Journalist Marie Low lives on the flooded northern side of the Namoi River along the Orange Grove Road, with her husband John (Snapper) and teenage daughter Rosie. Marie sent this report and photos on Monday morning.
We are isolated for the fourth time in the past couple of months and are expecting this one to last a while.
Along with our neighbours, we were isolated for about 10 days during the flood last November but we were lucky enough to have a helicopter drop off food for which we were very grateful.
It’s a bit embarrassing to think you are stocked up but still run out of milk on the third or fourth day – luckily, we have plenty of long-life milk and a well-stocked pantry.
This flood has been higher than the one late last year, and our neighbours tell us it is the highest they have seen on Orange Grove Road in the 18 years they have lived here.
We have lived here for nine years, and much of that has been drought.
When we woke on Saturday morning, the water was lapping at the house pad at about the same height it was last year, and it was continuing to rise.
We saw on social media that people were already getting water through their houses in Gunnedah.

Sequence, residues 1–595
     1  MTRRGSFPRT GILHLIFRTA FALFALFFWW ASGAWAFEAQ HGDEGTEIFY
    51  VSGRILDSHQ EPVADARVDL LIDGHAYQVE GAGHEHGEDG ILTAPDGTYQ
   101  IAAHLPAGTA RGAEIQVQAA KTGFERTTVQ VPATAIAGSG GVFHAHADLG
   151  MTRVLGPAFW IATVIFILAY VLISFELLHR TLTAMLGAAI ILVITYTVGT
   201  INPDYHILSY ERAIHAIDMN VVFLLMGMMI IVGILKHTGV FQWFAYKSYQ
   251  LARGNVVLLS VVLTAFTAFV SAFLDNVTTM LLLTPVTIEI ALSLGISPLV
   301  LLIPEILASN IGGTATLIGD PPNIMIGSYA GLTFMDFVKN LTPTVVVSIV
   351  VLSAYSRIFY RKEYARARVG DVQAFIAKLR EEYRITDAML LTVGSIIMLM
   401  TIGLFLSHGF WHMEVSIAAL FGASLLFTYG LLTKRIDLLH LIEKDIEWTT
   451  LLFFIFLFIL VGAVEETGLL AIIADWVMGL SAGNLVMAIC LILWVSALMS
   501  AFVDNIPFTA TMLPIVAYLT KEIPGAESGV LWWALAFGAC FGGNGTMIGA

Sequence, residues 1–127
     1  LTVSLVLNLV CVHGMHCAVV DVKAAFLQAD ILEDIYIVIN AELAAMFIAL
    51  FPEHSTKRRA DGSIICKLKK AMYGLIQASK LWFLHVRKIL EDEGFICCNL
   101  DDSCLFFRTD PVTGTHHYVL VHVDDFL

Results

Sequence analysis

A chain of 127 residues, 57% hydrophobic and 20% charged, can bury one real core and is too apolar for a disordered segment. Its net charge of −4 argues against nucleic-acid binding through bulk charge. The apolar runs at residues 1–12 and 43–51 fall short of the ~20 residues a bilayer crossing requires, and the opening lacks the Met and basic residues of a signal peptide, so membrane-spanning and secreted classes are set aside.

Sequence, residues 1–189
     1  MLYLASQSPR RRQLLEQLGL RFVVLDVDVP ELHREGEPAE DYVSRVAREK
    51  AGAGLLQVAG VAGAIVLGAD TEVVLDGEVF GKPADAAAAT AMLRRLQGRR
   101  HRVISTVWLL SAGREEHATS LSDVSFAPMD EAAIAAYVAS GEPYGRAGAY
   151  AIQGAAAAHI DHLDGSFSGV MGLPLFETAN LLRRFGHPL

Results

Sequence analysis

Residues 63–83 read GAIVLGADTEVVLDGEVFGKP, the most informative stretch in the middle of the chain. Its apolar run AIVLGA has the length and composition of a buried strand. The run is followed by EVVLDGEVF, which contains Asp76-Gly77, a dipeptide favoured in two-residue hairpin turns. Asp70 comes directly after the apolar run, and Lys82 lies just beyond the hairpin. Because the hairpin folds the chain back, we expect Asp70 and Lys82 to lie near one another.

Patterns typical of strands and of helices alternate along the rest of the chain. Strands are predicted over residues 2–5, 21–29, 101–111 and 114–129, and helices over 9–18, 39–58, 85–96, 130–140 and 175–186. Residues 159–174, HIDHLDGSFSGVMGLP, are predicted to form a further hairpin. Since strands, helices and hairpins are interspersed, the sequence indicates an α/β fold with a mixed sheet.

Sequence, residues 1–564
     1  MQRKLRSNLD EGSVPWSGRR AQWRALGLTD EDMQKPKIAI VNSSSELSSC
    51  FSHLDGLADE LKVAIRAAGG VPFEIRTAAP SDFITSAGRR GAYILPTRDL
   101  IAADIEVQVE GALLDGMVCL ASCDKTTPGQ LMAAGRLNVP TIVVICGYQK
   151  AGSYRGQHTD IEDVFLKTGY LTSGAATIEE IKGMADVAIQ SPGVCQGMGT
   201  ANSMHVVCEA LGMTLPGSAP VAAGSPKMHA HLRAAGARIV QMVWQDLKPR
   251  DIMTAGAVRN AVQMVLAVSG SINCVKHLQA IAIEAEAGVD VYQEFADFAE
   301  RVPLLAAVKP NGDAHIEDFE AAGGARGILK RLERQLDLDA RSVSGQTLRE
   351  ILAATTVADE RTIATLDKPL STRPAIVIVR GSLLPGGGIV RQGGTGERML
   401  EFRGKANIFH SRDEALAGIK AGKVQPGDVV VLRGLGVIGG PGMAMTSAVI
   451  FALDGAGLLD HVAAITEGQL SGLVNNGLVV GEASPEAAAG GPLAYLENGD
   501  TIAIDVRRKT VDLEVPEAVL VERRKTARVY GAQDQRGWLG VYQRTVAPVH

Even though logic tells you the water has to come up a fair bit to get to the house, it is still scary going to sleep knowing you are surrounded by water, can’t get out, and don’t know how high the water will rise.
By Saturday night, it was higher than we had seen it before, and we moved the chickens up to the house garden. The chicken coop was flooded.
On Sunday morning, the water had not come up much higher. It has not receded at all since then.
We took the tractor through the paddock as far as the road on Sunday. Orange Grove Road was completely flooded, with the water flowing rapidly. Cattle on ours and neighbouring properties have found bits of high ground to keep out of the water.
We are sharing our little island with three people, two cats, about 23 chickens (including 12 chicks), three guinea fowl and two parrots.
It’s not an ideal situation, but our thoughts are with those who have had damage to their homes and belongings – some of them for the third or fourth time this year.To order photos from this page click here